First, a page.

Dusk at BrodheadSomedays are the days I break people wide-open when I fly with them, and they actually glow.  They become human glow sticks so luminescent their eyes shine, and their emotion and thoughts become transparent braille, readable on the surface of their skin.  I know that they have broken wide-open when their shoulders relax and they become completely still on the flight controls, when they are wordless, when the tears come. Somedays flights are the special ones, these are the people I go out of my way to fly.  When they finally find me I see it in their eyes, and I hear it in their voices, that a flight to them means much more than just a flight in a rare biplane.  It’s an escape tunnel towards an air bridge, from the dark where they’ve been, into the light they’re trying to get back to.  Even sitting behind them, unable to see their faces, there is much being said between us without words. I know the escape route by heart. Their escape begins the moment I move my hands away from the stick up towards my windshield, and when my feet shift down off the rudder pedals to the floorboards and I say, “you’re flying the airplane.” The door to the tunnel opens, when I give up my powerful to their mend their powerless, when I give up my trust fly to break their trust fall.  I put their life back in their hands along with mine, the moment I stop holding their hand, and I let go.  In that fearful moment, when they first have to make all their own decisions in my big, blind biplane, they start into flow, and just fly.  They forget about me and themselves and where they’ve been, and they start down the tunnel. When I see them ahead of me, flying towards the light at the end and not looking back, that’s when I know they’ve escaped. I don’t see them again until after we land and I look into their eyes, I see that they’ve changed.  Their eyes are glowing back at me, like tapetum lucidum.

Tapetum lucidum, meaning “bright tapestry,” is the glow that animals exhibit when a bright light is shone into their eyes at night. The iridescent quality of their eyes is due to a mirror like membrane at the back of their eye called the tapetum lucidum.  When light enters the eye, it passes to the retina and is reflected from the cells, sending it back to the retina, where it provides double the light as would normally be available.  It allows animals to navigate at night with low light sources, such as the moon and the stars.  So that they can remain hidden in the darkness and survive, hunting for food or shelter.  Humans, and most primates, lack a tapetum lucidum.  Yet I meet people who’s eyes glow, and I feel that their eye shine is a refection of grieving.  They’re afraid of the dark, just like me, and because of that fear they have chosen to become softer and more vulnerable.  Breaking open, instead of just breaking and closing up.  I saw that glow when I flew with Jamie and Lu Ann.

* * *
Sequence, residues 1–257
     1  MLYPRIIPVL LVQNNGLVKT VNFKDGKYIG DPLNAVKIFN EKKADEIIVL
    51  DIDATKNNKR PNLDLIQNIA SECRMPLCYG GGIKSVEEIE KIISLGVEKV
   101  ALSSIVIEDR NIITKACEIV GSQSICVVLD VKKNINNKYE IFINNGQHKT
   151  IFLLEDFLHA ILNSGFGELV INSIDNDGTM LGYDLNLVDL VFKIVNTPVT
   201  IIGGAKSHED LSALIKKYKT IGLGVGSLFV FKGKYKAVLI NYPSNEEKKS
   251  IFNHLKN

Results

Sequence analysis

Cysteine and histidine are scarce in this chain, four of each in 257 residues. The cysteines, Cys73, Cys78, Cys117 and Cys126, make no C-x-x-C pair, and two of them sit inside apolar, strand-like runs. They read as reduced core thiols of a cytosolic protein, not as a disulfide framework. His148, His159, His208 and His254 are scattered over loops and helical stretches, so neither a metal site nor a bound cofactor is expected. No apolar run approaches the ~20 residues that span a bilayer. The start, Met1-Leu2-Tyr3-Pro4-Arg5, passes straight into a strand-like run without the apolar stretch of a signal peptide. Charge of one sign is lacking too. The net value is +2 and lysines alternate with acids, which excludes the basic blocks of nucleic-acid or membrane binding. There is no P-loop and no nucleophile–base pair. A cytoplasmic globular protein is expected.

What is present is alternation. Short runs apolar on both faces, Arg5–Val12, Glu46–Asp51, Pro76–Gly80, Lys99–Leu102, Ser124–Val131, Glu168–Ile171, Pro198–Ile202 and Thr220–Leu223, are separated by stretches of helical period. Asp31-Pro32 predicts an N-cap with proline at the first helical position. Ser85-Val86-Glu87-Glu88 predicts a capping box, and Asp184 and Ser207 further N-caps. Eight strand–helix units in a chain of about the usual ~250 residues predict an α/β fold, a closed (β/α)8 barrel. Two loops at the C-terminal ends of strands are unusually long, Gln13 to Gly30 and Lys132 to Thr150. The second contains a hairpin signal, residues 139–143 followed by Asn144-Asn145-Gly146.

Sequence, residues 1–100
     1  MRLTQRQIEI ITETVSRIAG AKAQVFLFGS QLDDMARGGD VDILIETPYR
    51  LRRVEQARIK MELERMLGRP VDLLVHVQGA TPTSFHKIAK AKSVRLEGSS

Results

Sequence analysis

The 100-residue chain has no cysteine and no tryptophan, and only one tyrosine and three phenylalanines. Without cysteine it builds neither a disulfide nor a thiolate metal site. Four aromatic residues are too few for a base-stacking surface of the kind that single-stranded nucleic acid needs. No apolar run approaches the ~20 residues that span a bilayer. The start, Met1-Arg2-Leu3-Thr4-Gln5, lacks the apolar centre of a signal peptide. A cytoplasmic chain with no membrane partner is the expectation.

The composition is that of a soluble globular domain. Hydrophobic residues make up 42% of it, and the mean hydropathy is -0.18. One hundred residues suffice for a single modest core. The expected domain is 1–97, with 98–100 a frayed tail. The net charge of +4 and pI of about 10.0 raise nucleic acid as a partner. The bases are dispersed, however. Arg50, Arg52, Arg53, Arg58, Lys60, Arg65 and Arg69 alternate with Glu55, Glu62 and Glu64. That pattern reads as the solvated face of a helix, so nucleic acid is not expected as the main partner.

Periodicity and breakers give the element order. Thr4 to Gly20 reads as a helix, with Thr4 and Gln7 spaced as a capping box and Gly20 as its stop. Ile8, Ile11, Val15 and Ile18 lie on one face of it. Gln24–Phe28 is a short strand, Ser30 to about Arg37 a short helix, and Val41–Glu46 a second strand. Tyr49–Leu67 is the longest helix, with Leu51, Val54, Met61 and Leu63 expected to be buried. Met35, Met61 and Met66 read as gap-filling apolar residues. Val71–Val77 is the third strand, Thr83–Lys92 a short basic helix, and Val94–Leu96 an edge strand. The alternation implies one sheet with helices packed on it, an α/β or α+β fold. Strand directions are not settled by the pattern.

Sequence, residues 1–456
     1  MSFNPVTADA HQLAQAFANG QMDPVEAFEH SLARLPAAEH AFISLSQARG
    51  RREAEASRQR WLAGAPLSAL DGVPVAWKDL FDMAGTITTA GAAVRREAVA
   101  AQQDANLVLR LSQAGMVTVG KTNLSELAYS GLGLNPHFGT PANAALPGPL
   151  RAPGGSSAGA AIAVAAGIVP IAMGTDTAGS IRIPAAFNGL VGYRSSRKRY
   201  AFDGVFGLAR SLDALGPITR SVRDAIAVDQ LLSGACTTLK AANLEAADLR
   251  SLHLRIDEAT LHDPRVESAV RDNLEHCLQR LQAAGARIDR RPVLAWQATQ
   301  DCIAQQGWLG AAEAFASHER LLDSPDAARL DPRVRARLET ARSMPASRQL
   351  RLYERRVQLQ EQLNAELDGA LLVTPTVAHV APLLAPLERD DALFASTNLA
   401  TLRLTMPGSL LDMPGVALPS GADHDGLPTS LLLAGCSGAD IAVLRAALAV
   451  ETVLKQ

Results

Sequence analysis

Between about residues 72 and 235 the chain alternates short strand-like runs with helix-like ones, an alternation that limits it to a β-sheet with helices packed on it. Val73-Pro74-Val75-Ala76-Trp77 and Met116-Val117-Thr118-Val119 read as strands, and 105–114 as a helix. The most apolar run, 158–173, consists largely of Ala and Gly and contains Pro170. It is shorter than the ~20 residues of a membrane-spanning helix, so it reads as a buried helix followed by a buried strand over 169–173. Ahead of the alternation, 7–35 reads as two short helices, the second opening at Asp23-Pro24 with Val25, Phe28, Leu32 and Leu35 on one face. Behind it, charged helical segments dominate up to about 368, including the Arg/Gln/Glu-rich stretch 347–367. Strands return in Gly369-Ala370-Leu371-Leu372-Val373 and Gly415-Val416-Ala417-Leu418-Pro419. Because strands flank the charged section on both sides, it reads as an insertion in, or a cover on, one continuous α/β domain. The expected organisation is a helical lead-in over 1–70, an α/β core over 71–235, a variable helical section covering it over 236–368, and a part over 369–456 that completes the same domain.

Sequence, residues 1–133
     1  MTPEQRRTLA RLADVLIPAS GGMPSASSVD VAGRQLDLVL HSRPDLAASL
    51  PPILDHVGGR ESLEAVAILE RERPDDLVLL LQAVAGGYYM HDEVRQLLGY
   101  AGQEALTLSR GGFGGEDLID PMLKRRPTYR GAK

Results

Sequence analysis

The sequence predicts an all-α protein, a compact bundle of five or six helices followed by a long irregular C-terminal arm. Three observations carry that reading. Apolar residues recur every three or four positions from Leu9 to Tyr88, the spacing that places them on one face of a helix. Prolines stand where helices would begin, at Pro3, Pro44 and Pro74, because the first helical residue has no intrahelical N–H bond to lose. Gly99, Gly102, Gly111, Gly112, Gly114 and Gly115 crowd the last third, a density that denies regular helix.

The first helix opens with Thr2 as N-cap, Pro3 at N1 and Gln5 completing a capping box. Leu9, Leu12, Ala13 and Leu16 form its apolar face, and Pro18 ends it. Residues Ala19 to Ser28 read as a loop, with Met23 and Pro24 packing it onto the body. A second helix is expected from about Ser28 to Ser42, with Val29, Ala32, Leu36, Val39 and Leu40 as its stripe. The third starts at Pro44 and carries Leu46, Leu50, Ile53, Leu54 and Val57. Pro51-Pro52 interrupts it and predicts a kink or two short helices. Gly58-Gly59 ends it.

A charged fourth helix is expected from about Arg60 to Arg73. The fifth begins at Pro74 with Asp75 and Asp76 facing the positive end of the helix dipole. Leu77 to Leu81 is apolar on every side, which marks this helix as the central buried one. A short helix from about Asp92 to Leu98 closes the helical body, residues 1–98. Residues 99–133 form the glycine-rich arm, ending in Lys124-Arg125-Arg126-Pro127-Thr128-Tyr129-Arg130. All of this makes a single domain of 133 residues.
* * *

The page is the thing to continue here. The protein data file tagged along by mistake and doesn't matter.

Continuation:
Jamie the PICThey both were special, one I knew had had a great loss, the other, I simply felt a certain sadness from. I didn’t want to fly them because I sympathized with them, I wanted to fly with them because I empathized with them. The ability to empathize with someone, to see things from their perspective and accept it as if it were your own, is the most important gift a teacher can have.  It is also the greatest gift we can give to one another.  I knew that I could get them on the air bridge, reconnecting them to remembering what it was like to feel fearless and full of joy, if I could give them the perfect flight.